Mamta Rani has already made seminal contributions to fractal modelling, and would see her work applied to the social sciences if only she could find some respite from administrative duties.
The Life of Science – I was leaving Rajasthan and driving northwards to Haryana. Before leaving the colourful state behind, I was happy to spend one last night in the desert. I turned left from the superhighway NH8 and parked my van just outside the massive campus of the brand new Central University of Rajasthan (CURAJ). The next morning, I would go inside the university and hopefully meet some scientists.
The CURAJ campus is still under construction but most of the more ornate buildings are complete. The cream-coloured faculty buildings are pretty and huge, with plenty of parking area and wide roads, flanked by thorny bushes, connecting them. The campus is being prepared for many more students than there are presently, so currently it looks somewhat excessive and unused.
It’s still early days for the institution that has big plans for itself. You can see this on the faculty members’ faces. When I first met Mamta Rani at the computer science department that she is heading, she was frantically making her way across the large entrance hall, fit for a five-star hotel, to a 10 o’clock exam that she was scheduled to supervise. She could squeeze me in at noon, she said, giving me time to interview Hemlata Manglani on the other side of campus.
Later, I turned up at her roomy office where she was busy delegating administrative duties and at the same time handling her laptop awkwardly with her left arm; her working arm was in plaster. Despite obvious difficulties, Rani is calm, wise and straightforward. You can tell she works with computer algorithms by the way she responds to questions. She takes her time processing them and outputs an answer that is systematic and logical.
Perhaps this is her way of dealing with the mounting pressure. Having been a researcher for sixteen years, she is now setting up the Computer Science department at CURAJ. Proposing courses, taking them through various boards and finally the University Grants Commission and Ministry of Human Resource and Development, takes time and involves lots of frustrating legal procedures.
Apart from this, Rani finds herself under added pressure, much of which is easily avoidable. “Honestly, my main job here has been to set up the IT infrastructure for the university,” she laughs as we start talking about her role at the university.
“People in computer science are always overloaded in any academic organisation, it seems. Because they have to maintain and develop IT infrastructure for the university.” This should not ideally be the case, Rani points out – “there is provision of a separate cell and a system administrator and a group of people to handle that job. But in the initial phases of the organisation it so happens that they are unable to appoint people and they ask the computer [science] faculty to do the work.”
Of course Rani’s research has suffered as a result. She points out: “Job profile of all faculty needs to be at least 70% academic work and maximum 30% administrative tasks. I have to spend my time doing 20% academic work and 80% administrative.” This is unfortunate because Rani’s research is valuable to many scientific disciplines. And there are very few people working in this area in India or abroad. So let me tell you all about it.
Making graphics of objects found in nature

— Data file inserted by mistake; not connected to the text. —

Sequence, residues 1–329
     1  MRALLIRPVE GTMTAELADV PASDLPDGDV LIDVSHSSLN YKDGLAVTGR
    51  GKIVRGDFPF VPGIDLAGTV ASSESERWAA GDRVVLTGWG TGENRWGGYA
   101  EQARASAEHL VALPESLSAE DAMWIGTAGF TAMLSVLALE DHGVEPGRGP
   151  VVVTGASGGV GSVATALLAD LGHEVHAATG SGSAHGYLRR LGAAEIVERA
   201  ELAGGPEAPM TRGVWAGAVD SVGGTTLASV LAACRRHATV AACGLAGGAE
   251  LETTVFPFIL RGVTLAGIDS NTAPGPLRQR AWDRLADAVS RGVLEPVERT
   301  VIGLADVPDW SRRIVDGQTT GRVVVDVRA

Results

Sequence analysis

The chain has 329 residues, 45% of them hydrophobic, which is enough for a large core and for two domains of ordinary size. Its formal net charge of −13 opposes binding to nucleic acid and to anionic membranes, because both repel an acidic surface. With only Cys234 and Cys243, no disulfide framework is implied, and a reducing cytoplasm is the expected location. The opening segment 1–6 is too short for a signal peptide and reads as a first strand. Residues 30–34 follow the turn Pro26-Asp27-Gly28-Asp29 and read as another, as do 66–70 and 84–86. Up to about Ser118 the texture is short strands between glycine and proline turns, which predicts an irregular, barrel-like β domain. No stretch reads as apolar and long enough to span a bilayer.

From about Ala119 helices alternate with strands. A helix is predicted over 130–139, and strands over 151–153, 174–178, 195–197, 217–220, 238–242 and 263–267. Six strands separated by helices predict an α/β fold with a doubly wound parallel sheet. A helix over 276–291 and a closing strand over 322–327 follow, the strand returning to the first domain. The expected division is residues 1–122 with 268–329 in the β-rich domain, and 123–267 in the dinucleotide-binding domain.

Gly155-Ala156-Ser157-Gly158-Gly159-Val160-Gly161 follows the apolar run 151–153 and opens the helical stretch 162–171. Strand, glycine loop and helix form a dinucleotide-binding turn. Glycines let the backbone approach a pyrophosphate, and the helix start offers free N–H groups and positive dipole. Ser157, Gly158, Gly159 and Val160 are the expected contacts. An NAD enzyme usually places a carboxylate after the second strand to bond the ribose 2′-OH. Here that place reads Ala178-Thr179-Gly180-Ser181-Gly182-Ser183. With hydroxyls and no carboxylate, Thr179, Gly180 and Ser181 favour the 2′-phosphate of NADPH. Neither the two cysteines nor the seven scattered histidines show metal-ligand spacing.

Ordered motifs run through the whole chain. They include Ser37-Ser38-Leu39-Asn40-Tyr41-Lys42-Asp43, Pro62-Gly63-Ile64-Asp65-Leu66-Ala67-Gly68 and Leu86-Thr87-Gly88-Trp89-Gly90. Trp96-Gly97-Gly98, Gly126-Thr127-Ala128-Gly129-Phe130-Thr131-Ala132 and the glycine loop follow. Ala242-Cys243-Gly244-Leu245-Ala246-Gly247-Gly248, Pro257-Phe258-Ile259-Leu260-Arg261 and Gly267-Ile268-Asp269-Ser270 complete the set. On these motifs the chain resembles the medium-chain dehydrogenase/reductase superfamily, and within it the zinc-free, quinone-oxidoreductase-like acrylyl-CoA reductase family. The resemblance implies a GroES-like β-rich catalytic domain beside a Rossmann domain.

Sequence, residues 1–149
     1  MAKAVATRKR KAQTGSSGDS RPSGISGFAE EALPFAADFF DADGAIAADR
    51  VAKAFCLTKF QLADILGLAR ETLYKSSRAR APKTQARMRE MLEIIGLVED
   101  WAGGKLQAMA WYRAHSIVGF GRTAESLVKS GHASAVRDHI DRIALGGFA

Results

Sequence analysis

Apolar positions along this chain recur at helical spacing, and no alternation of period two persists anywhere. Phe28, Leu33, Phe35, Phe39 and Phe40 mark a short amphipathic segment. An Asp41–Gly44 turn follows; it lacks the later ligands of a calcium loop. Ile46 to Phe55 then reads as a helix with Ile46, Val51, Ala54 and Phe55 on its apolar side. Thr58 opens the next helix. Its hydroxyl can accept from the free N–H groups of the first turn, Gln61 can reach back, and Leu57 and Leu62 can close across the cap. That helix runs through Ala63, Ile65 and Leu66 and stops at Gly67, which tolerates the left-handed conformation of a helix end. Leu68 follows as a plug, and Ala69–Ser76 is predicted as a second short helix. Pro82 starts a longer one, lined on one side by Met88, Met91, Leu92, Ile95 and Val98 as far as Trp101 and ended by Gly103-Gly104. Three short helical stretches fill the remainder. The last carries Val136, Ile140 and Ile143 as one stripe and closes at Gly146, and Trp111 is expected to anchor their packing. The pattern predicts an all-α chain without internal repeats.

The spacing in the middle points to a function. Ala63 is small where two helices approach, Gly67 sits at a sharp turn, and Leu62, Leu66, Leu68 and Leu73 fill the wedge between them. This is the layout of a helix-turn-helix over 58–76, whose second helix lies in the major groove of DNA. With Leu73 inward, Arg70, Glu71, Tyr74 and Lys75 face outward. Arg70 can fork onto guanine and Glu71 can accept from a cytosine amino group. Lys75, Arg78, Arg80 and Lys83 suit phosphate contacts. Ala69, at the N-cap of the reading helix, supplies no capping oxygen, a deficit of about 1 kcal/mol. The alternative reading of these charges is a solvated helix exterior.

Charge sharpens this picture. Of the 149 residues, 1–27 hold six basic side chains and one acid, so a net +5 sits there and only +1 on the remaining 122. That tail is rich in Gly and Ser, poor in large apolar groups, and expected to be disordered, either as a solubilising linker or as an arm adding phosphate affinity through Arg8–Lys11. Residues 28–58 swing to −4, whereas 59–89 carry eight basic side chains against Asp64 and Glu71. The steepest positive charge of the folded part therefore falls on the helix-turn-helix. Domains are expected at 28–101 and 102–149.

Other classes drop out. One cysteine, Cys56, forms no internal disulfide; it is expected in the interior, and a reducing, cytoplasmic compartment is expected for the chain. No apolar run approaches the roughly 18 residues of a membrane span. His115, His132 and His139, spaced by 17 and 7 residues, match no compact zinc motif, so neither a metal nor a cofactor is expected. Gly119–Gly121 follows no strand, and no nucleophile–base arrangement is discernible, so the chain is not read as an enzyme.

A lot of the advanced application-based scientific research relies on computer models. It is easier to see how a complex system will behave if you have a model of it on the computer. The back-end of these models is a computer algorithm – one that feed on scientific values as input, processes this data based on an equation that is specific to the model, and gives a result.
The result that Rani is concerned with is computer graphics of natural objects. This is where fractal graphics and chaos come in. “Traditional computer graphics can generate algorithms to visualise man-made objects like a building complex. But these linear algorithms are not efficient in modelling natural objects such as trees, waterfalls, rivers, mountains and society. So we need a special field to make algorithms for natural objects. Fractals are a tool for this.”
Fractals are mathematically generated shapes that can model chaotic systems – such as the shape of a galaxy, a fern leaf or a human population’s growth pattern when it is determined by ever-changing social events. These shapes are determined by increasing and decreasing values that maintain some kind of ratio between themselves.
The backbone of the processing that takes place is an iteration system, a feedback system. Imagine a series of values. The algorithms work with one value, this is one-step and then after this is done work in the same way with the next value. These values might have some relationship between them. When we put them together what we get is a beautiful pattern that is a model for a natural system.
Rani has already made a mark in her field. Just like discovering a drug that treats multiple diseases instead of one, Rani’s work has changed the paradigm of fractal models and taken the whole field to the next level. “I must say the whole world was working on one-step iteration method.” But this changed after Rani’s two-step iteration process was published in Chaos, Fractals and Solitons – “an Elsevier journal,” she stresses.
“When I started working in this area, I replaced the one-step iteration method with the two-step iteration method. Then the whole field got revolutionised. That has been my main contribution to the field.”
With the two-step iteration method, a lot more values can be incorporated by these fractal-making algorithms, and the models generated become more robust. For example, consider an agricultural scientist working on hybrid plants by cross-breeding two different varieties. Before this experimental plant actually grows, the researcher is able to visualise the plant in a computer system. Of course, many visualisations of the plant need to be generated so that all the hybrid possibilities can be accounted for. The challenge is to identify the algorithm to generate all these possibilities. With a one-step iteration, visualisations for a certain number of plants can be created but beyond which the algorithm starts becoming inefficient.